Conclusion

This action affects only certain novel or unusual design features on one Beech model A36 airplane. It is not a rule of general applicability, and it affects only the applicant who applied to the FAA for approval of these features on the airplane.

The substance of these special conditions has been subjected to the notice and comment period in several prior instances and has been derived without substantive change from those previously issued. It is unlikely that prior public comment would result in a significant change from the substance Start Printed Page 60857contained herein. For this reason, and because a delay would significantly affect the certification of the airplane, which is imminent, the FAA has determined that prior public notice and comment are unnecessary and impracticable, and good cause exists for adopting these special conditions upon issuance. The FAA is requesting comments to allow interested persons to submit views that may not have been submitted in response to the prior opportunities for comment described above.

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List of Subjects in 14 CFR Part 23

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Citation

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The authority citation for these special conditions is as follows:

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Authority: 49 U.S.C. 106(g), 40113 and 44701; 14 CFR 21.16 and 21.101; and 14 CFR 11.38 and 11.19.

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The Special Conditions

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Accordingly, pursuant to the authority delegated to me by the Administrator, the following special conditions are issued as part of the type certification basis for the CenTex Aerospace, Inc., Beech Model A36 airplane.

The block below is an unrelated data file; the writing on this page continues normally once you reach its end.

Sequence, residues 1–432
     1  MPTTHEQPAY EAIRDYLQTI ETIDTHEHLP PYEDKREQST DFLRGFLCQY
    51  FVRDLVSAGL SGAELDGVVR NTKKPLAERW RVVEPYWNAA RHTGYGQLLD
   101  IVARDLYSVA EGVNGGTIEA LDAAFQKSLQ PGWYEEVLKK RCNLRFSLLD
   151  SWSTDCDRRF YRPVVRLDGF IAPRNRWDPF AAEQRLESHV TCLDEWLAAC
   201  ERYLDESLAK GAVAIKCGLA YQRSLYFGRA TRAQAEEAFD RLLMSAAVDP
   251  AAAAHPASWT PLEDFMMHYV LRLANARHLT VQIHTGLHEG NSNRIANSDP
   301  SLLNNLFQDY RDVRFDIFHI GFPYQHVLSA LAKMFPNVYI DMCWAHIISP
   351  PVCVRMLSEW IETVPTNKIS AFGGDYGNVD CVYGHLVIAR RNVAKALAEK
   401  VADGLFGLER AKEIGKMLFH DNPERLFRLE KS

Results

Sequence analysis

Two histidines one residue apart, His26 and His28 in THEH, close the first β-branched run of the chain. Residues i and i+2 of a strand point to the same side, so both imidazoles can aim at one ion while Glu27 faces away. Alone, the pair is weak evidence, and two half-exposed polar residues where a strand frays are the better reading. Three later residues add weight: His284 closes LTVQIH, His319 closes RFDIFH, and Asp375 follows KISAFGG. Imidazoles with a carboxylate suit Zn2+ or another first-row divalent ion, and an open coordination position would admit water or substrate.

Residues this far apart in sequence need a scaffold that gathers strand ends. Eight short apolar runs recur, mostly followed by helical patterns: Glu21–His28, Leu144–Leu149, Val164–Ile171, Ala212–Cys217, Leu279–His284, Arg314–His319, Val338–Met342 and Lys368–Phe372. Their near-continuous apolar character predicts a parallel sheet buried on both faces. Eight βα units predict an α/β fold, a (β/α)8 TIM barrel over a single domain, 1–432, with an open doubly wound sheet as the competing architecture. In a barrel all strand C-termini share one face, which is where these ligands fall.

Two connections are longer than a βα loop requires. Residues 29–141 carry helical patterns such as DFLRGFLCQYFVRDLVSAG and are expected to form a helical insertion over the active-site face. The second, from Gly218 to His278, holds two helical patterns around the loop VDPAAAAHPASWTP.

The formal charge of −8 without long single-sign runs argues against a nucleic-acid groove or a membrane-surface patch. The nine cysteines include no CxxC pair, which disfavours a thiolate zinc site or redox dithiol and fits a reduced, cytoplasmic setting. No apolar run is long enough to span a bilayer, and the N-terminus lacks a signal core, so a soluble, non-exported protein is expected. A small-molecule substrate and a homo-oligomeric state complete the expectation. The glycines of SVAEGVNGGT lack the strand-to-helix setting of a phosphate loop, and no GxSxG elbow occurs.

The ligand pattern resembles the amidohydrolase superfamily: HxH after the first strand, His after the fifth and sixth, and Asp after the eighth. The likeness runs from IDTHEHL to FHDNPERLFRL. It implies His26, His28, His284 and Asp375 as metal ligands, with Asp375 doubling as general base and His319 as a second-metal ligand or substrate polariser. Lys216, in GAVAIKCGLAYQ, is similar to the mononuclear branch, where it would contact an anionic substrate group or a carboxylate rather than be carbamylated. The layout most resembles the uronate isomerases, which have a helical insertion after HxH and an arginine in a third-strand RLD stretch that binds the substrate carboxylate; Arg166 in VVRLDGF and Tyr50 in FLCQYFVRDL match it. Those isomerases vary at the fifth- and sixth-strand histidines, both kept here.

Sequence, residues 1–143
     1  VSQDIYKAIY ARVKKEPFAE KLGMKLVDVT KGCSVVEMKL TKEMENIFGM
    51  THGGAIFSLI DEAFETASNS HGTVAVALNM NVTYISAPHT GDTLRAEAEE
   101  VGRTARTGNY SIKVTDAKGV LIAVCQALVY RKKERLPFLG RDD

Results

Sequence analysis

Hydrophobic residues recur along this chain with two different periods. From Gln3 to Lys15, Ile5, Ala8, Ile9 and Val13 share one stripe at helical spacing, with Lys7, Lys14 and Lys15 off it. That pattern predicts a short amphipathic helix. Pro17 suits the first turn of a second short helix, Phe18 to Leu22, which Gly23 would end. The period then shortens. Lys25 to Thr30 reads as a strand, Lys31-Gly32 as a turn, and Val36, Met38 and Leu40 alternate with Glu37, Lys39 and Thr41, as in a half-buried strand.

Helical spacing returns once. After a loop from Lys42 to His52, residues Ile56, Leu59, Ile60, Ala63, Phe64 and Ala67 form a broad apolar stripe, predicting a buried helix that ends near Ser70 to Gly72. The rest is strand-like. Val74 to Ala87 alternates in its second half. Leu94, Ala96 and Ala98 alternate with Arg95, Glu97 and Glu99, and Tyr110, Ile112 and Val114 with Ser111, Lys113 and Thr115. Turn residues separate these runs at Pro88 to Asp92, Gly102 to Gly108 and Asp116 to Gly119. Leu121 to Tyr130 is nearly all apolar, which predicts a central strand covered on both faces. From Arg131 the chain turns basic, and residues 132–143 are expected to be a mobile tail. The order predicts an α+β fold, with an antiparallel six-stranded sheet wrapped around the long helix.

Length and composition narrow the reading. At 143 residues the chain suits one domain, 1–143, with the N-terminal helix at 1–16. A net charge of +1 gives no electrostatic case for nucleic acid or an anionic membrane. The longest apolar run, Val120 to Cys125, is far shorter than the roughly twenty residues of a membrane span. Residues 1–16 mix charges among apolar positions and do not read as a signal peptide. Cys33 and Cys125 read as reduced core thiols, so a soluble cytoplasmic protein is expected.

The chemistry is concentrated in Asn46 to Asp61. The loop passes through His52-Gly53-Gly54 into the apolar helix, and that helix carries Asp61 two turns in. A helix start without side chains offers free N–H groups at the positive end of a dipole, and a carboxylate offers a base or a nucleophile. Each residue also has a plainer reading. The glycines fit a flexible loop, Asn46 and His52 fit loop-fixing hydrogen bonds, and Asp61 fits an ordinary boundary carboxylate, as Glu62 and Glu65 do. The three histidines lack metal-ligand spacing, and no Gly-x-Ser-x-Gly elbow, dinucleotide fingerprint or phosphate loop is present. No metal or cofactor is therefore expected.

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1.

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At this time, the FAA and other airworthiness authorities are unable to precisely define or control the HIRF energy level to which the airplane will be exposed in service; therefore, the FAA hereby defines two acceptable interim methods for complying with the requirement for protection of systems that perform critical functions.

(1) The applicant may demonstrate that the operation and operational capability of the installed electrical and electronic systems that perform critical functions are not adversely affected when the aircraft is exposed to the external HIRF threat environment defined in the following table:

FrequencyField strength (volts per meter)
PeakAverage
10 kHz-100 kHz5050
100 kHz-500 kHz5050
500 kHz-2 MHz5050
2 MHz-30 MHz100100
30 MHz-70 MHz5050
70 MHz-100 MHz5050
100 MHz-200 MHz100100
200 MHz-400 MHz100100
400 MHz-700 MHz70050
700 MHz-1 GHz700100
1 GHz-2 GHz2000200
2 GHz-4 GHz3000200
4 GHz-6 GHz3000200
6 GHz-8 GHz1000200
8 GHz-12 GHz3000300
12 GHz-18 GHz2000200
18 GHz-40 GHz600200
The field strengths are expressed in terms of peak root-mean-square (rms) values.

or,

(2) The applicant may demonstrate by a system test and analysis that the electrical and electronic systems that perform critical functions can withstand a minimum threat of 100 volts per meter peak electrical strength, without the benefit of airplane structural shielding, in the frequency range of 10 KHz to 18 GHz. When using this test to show compliance with the HIRF requirements, no credit is given for signal attenuation due to installation. Data used for engine certification may be used, when appropriate, for airplane certification.

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2. Electronic Engine Control System. The installation of the electronic engine control system must comply with the requirements of § 23.1309(a) through (e) at Amendment 23-46. The intent of this requirement is not to re-evaluate the inherent hardware reliability of the control itself, but rather determine the effects, including environmental effects addressed in § 23.1309(e), on the airplane systems and engine control system when installing the control on the airplane. When appropriate, engine certification data may be used when showing compliance with this requirement.

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Issued in Kansas City, Missouri on September 18, 2002.

Michael Gallagher,

Manager, Small Airplane Directorate, Aircraft Certification Service.

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[FR Doc. 02-24667 Filed 9-26-02; 8:45 am]

BILLING CODE 4910-13-P